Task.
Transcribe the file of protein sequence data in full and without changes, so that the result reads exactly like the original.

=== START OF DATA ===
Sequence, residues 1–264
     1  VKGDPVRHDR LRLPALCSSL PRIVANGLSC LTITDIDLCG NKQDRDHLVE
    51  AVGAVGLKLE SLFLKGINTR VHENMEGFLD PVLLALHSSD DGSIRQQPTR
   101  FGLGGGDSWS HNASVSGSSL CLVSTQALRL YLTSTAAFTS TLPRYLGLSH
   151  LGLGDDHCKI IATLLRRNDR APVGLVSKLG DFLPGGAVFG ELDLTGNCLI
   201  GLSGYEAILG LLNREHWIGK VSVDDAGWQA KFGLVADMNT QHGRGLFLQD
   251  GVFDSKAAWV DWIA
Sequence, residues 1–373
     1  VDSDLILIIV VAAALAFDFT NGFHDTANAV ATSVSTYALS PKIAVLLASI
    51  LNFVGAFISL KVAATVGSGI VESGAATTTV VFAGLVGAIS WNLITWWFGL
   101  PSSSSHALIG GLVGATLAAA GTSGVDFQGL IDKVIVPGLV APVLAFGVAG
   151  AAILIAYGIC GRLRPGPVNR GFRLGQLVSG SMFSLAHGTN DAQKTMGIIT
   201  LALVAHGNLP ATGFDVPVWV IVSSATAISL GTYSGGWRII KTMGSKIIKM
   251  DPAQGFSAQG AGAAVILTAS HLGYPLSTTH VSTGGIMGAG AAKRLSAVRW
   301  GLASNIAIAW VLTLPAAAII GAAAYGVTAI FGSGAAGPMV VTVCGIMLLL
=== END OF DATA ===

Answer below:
Sequence, residues 1–264
     1  VKGDPVRHDR LRLPALCSSL PRIVANGLSC LTITDIDLCG NKQDRDHLVE
    51  AVGAVGLKLE SLFLKGINTR VHENMEGFLD PVLLALHSSD DGSIRQQPTR
   101  FGLGGGDSWS HNASVSGSSL CLVSTQALRL YLTSTAAFTS TLPRYLGLSH
   151  LGLGDDHCKI IATLLRRNDR APVGLVSKLG DFLPGGAVFG ELDLTGNCLI
   201  GLSGYEAILG LLNREHWIGK VSVDDAGWQA KFGLVADMNT QHGRGLFLQD
   251  GVFDSKAAWV DWIA
Sequence, residues 1–373
     1  VDSDLILIIV VAAALAFDFT NGFHDTANAV ATSVSTYALS PKIAVLLASI
    51  LNFVGAFISL KVAATVGSGI VESGAATTTV VFAGLVGAIS WNLITWWFGL
   101  PSSSSHALIG GLVGATLAAA GTSGVDFQGL IDKVIVPGLV APVLAFGVAG
   151  AAILIAYGIC GRLRPGPVNR GFRLGQLVSG SMFSLAHGTN DAQKTMGIIT
   201  LALVAHGNLP ATGFDVPVWV IVSSATAISL GTYSGGWRII KTMGSKIIKM
   251  DPAQGFSAQG AGAAVILTAS HLGYPLSTTH VSTGGIMGAG AAKRLSAVRW
   301  GLASNIAIAW VLTLPAAAII GAAAYGVTAI FGSGAAGPMV VTVCGIMLLL